The Gender Gap

The question is equal pay for equal work. The answer is that there are multiple dimensions of discrimination. North America does well on some, not so well on others.

A new measure of progress offered by 24/7 Wall Street is the numbers of years at the current rate of progress it would take to achieve complete equality in pay. On this measure, at the current rate of progress, complete equality would take

  • 61 years in Europe
  • 70 years in the Caribbean
  • 74 years in Latin America
  • 135 years in sub-Saharan Africa
  • 153 years in the Middle East
  • 165 years in North America
  • 171 years in East Asia

Where the pay gap is less, there are implicit restrictions on the number of women who can hold certain types of jobs. That’s the second dimension of discrimination.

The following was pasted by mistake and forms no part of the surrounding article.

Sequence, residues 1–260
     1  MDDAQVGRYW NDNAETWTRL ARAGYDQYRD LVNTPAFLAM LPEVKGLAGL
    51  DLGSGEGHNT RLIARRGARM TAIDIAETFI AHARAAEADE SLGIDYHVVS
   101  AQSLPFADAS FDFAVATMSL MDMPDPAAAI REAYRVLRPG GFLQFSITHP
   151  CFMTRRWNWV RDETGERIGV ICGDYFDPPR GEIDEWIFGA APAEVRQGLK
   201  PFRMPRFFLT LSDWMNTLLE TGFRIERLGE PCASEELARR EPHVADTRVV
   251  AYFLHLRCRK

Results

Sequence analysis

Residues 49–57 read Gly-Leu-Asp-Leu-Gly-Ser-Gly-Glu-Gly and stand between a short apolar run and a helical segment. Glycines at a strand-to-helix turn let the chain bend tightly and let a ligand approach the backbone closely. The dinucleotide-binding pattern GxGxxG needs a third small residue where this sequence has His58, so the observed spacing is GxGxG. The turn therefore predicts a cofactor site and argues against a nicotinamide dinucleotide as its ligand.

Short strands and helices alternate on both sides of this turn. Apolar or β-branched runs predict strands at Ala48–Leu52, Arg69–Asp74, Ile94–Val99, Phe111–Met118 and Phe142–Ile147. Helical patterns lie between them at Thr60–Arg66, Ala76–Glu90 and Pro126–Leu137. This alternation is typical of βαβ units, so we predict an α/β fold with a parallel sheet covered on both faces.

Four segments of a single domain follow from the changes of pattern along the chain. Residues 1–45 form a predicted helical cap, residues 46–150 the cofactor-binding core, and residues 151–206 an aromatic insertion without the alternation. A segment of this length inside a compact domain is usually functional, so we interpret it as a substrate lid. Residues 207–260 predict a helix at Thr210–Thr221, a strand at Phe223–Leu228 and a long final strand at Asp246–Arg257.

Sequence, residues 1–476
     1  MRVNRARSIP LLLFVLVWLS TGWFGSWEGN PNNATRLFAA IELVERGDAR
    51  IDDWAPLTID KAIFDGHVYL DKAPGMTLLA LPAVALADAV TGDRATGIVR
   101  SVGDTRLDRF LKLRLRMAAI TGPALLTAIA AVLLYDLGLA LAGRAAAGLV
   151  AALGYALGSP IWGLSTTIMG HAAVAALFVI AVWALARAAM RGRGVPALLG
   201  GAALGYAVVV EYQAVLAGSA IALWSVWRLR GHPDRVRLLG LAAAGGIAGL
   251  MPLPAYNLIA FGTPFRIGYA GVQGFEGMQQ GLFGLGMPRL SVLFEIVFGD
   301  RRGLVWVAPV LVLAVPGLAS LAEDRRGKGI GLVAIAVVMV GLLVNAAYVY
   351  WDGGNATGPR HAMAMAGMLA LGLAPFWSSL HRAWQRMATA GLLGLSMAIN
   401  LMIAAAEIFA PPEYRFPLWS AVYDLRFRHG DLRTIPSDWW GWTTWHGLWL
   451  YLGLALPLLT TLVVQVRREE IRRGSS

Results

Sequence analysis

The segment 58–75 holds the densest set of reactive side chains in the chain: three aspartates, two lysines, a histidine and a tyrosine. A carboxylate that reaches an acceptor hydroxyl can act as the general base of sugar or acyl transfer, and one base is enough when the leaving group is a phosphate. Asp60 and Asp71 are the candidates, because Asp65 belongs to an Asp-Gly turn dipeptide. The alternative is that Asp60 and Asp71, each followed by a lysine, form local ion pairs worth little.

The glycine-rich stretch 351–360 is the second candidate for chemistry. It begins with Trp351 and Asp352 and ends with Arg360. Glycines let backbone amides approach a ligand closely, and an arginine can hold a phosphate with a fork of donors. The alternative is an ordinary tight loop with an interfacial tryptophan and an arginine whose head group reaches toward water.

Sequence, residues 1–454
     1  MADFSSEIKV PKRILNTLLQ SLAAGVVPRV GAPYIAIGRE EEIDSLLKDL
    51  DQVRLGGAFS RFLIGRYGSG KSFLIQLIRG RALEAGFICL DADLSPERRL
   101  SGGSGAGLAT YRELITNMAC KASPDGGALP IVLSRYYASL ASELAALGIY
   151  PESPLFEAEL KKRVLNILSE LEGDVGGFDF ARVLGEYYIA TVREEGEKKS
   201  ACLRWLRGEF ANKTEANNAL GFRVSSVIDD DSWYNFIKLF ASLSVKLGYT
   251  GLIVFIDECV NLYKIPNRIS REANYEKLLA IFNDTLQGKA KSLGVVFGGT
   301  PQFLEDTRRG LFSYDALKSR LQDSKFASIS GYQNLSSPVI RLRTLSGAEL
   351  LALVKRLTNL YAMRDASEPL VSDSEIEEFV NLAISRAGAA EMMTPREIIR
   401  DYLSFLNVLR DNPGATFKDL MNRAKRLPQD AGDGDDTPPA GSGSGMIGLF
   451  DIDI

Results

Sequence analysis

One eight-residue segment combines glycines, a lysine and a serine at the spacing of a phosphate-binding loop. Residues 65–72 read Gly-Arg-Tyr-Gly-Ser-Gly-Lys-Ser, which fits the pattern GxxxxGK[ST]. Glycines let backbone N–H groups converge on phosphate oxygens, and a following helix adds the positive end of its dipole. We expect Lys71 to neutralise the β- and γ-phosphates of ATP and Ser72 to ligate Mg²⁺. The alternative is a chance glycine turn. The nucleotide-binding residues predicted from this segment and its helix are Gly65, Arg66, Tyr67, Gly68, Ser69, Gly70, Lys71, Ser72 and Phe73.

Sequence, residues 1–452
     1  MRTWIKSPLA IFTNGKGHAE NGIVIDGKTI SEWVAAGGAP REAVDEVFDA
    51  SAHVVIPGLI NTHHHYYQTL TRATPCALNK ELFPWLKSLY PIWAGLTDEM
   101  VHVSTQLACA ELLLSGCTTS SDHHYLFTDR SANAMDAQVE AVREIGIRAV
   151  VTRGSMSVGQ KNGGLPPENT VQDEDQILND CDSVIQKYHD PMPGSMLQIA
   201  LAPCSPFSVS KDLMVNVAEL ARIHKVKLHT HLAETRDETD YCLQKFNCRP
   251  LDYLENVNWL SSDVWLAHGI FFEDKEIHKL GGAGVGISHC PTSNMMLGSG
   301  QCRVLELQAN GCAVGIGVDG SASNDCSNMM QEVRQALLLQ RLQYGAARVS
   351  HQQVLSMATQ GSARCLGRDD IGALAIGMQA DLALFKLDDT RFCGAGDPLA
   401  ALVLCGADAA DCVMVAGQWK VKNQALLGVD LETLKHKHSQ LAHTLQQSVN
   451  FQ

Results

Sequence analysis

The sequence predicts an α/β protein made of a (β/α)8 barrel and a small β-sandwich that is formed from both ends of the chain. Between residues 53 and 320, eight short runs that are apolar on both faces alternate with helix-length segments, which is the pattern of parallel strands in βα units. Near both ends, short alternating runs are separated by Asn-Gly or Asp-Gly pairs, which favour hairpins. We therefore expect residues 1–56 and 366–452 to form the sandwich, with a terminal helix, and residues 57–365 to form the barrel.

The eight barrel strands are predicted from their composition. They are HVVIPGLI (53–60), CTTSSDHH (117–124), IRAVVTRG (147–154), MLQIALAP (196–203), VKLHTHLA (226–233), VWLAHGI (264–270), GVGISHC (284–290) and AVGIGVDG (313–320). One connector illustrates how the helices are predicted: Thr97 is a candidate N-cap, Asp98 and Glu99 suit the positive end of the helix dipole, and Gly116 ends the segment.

Plainly, if you’re a competent female manager, you should be looking for work in Europe or South America, not here.

Given these figures, it’s rather understandable why people are so upset. As economists Milton Friedman and Gary Becker argued, companies function best when the right people are in the right positions. Any distortion produces suboptimal economic results, hurting shareholders and workers.




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